Following the American Civil War Sesquicentennial with day by day writings of the time, currently 1863.

by John Beauchamp Jones

            AUGUST 29TH.—After all, it appears that only a few hundred of the enemy’s cavalry came up the Peninsula as far as Bottom’s Bridge, from whence they quickly fell back again. And this alarm caused Gen. Elzey, or the government, to put in movement nearly 20,000 men! But something else may be behind this demonstration; it may be the purpose of the enemy to strike in another direction, perhaps at Hanover Junction—where, fortunately, we have nearly a division awaiting them.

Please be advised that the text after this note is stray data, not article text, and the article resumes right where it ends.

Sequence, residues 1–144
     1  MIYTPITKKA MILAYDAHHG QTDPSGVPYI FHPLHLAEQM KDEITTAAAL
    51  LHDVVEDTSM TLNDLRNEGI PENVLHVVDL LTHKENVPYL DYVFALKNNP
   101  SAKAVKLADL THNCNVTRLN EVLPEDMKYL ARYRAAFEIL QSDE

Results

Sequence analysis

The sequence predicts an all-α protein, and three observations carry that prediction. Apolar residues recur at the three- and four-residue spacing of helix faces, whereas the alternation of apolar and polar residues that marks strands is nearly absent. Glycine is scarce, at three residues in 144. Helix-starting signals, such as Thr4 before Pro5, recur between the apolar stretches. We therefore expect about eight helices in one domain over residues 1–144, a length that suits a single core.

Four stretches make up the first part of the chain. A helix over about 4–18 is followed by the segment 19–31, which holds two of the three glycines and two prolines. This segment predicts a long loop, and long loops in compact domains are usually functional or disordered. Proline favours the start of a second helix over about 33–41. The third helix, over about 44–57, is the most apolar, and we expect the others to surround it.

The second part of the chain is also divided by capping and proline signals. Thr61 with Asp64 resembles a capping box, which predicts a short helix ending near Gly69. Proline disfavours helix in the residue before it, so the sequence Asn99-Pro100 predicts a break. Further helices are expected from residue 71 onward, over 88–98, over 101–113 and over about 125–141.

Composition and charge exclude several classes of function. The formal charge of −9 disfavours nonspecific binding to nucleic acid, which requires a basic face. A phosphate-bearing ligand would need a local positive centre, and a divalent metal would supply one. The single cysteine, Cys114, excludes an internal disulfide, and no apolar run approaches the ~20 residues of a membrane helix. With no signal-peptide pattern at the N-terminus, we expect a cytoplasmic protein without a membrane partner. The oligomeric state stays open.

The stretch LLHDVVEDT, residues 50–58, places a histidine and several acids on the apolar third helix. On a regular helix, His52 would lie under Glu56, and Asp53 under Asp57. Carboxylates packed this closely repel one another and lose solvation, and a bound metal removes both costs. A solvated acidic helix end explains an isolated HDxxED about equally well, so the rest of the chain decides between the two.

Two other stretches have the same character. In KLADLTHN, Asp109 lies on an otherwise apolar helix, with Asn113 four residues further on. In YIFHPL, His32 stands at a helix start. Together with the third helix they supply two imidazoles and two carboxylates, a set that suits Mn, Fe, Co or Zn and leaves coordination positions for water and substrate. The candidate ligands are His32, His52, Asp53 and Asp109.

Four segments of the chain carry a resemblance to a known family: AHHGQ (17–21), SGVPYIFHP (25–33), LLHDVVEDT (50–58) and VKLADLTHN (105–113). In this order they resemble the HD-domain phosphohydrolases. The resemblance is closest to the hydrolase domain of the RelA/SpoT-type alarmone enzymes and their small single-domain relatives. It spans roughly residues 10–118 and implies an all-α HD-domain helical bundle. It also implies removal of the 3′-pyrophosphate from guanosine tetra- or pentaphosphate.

The Hon. Mr. Dargan’s letter, received at the department a few days ago, saying that the reinstatement of Gen. Pemberton in command would be the ruin of the cause, was referred by the Secretary to the President, with some strong remarks, to the effect that popular opinion was almost universal against Pemberton. It came back to-day, with the following indorsement of the President: “The justice or injustice of the opinion will be tested by the investigation ordered.—J. D.” If the President desires it, of course Pemberton will be exonerated. But even if he be honorably and fairly acquitted, the President ought not to forget that he is not a ruler by Divine right to administer justice merely, but the servant of the people to aid in the achievement of their independence; and that their opinions and wishes, right or wrong, must be respected, or they can deprive him of honor, and select another leader.

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